International Monetary Fund

Abstract

This chapter focuses on IMF’s technical assistance (TA) activities and describes Japan Administered Account for Selected Fund Activities (JSA) including its objectives, size, scope, and use, as well as assessments of its activities, with focus on fiscal year. Activities to be funded from the JSA, as well as all other IMF TA activities, are planned each year. Reflecting greater global financial stability and fewer conflict situations over the past two years, FY2006 saw a reduction in JSA allocations for crisis prevention and the rehabilitation of economic and financial institutions in post-conflict countries, and an increase in JSA allocations for sustainable debt management and poverty reduction efforts. The distribution of the commitment of JSA funds among the subject areas has broadly reflected the foregoing distribution in the overall use of IMF resources for technical assistance. Japan also provides financial support for a scholarship program for qualified Asian nationals who want to study economics at the doctoral level at one of the leading universities in North America to pursue a career at the IMF or in their home country governments. The program covers tuition and reasonable costs for two years of study; scholars are expected to cover the remaining years of study, typically through additional funding from their universities.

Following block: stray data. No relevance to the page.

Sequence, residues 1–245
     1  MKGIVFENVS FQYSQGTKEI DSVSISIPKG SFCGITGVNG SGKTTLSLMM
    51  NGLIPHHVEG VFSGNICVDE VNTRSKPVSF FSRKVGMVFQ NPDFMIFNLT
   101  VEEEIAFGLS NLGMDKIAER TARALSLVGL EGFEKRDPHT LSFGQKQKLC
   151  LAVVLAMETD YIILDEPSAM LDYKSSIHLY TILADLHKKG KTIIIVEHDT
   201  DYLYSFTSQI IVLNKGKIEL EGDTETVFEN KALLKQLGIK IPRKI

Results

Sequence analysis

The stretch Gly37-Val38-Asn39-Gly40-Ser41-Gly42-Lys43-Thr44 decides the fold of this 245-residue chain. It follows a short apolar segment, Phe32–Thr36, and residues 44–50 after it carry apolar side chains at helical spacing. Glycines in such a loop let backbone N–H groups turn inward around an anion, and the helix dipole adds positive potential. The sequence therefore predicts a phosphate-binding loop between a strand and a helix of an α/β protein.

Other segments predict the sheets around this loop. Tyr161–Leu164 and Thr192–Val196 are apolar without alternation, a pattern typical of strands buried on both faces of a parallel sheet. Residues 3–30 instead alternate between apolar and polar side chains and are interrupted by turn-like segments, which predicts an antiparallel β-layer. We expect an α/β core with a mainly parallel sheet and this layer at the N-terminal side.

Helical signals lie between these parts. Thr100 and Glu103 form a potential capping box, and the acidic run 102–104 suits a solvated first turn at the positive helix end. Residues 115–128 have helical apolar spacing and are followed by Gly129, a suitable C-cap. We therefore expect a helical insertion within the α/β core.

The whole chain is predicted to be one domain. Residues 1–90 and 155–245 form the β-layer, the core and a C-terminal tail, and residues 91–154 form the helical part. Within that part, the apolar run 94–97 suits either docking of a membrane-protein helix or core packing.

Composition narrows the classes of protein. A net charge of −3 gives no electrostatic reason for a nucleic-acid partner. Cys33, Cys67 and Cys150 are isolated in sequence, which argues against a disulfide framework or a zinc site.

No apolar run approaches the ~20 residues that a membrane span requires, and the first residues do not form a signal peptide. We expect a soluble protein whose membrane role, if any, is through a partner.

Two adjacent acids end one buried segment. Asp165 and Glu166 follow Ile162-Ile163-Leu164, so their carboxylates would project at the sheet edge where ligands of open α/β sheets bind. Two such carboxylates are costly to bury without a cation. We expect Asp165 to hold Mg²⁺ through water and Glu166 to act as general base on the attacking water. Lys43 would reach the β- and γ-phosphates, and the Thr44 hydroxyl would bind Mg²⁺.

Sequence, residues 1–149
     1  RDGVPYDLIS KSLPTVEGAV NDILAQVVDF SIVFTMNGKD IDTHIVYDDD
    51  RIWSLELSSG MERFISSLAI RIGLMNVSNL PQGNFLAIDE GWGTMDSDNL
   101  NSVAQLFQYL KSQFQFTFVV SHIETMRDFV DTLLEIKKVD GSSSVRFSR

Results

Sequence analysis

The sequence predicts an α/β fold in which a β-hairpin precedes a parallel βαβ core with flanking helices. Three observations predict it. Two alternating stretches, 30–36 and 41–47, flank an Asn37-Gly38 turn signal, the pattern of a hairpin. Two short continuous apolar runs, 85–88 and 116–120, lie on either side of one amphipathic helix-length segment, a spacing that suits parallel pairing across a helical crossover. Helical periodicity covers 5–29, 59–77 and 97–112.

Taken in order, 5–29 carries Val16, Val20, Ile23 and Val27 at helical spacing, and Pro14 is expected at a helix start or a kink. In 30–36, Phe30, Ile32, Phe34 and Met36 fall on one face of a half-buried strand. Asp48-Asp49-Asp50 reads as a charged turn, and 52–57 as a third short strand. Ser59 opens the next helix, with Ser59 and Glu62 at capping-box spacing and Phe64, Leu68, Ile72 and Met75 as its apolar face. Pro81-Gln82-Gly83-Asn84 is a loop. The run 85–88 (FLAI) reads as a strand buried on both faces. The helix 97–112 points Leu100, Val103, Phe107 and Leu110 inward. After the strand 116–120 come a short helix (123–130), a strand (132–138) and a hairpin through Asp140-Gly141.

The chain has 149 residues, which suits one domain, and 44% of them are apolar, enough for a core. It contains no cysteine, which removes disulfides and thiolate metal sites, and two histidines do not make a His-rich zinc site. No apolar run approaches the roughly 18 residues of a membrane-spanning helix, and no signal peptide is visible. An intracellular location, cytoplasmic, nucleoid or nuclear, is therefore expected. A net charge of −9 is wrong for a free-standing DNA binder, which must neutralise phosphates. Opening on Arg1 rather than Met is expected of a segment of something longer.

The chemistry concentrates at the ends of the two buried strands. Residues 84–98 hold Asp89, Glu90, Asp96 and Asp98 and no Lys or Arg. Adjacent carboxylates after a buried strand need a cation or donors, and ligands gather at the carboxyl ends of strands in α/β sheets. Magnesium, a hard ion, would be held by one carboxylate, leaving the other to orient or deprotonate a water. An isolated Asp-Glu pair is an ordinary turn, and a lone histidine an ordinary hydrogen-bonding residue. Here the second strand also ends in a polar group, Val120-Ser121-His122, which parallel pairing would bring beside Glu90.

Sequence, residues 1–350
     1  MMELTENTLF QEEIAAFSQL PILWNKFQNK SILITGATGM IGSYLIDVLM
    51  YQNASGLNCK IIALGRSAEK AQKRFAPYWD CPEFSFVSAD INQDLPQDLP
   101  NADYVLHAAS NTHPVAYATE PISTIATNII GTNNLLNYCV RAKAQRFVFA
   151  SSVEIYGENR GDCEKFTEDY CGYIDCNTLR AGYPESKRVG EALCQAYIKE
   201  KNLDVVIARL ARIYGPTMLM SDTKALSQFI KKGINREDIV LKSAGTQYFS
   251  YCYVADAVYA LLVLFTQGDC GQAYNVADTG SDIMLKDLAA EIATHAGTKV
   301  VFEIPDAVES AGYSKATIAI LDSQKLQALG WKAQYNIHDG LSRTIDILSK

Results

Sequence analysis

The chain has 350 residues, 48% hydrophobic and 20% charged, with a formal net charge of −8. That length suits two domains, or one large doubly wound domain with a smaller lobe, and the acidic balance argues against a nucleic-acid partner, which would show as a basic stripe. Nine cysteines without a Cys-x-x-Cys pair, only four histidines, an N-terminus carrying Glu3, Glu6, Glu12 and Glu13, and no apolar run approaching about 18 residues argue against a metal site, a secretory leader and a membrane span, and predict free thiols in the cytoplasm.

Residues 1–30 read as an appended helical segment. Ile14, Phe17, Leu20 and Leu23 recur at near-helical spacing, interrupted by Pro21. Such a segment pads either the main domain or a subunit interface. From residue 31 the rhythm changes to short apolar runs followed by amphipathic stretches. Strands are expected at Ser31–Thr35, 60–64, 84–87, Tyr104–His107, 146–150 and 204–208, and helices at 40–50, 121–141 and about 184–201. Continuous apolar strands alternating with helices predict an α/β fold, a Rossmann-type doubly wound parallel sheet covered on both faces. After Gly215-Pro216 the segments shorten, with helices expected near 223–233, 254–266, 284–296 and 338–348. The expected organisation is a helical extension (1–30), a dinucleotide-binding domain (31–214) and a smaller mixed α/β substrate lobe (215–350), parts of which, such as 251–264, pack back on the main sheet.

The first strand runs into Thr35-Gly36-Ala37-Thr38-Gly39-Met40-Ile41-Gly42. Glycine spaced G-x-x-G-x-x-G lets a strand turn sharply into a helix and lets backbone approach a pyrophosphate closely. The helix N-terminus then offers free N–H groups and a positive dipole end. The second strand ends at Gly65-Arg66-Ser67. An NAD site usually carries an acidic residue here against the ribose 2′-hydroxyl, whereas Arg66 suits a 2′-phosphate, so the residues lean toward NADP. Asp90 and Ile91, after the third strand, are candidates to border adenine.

International Monetary Fund
This progress report presents key findings of the assessment of Nepal’s Tenth Plan—Poverty Reduction Strategy Paper (PRSP). The report presents an overview of poverty in Nepal, the key elements of the Poverty Reduction Strategy and its linkages with the Millennium Development Goals. It discusses some of the key macroeconomic indicators and achievements. It also sums up government efforts to realign public expenditure management for supporting the PRSP goals. Achievements by sectors are documented. Performance in terms of institutional reforms and governance improvements is also described.
International Monetary Fund
The Joint Staff Assessment on Nepal’s Poverty Reduction Strategy Paper (PRSP) highlights the PRSP process aimed to provide sustainable macroeconomic framework, improving governance and the overall policy environment. It reviews the execution of the envisaged programs, expenditure planning, public expenditure management system, and the effectiveness of the monitoring system. It also identifies some shortcomings of the PRSP that could be addressed over time and reflected in the annual progress reports to ensure that the strategy is fully effective and operational.
International Monetary Fund
Nepal has a well-established process for preparing periodic development plans, having prepared nine such plans earlier. Typically, the preparation of the new plan starts with the mid-term review of the ongoing plan, which serves as a base for the Approach Paper for the new plan. The Approach Paper, which provides broad guidelines and targets an indicative resource framework for the new plan, is approved by the National Development Council (NDC). The plan is then prepared and finalized after discussion and approval by the National Planning Commission and then by the Cabinet.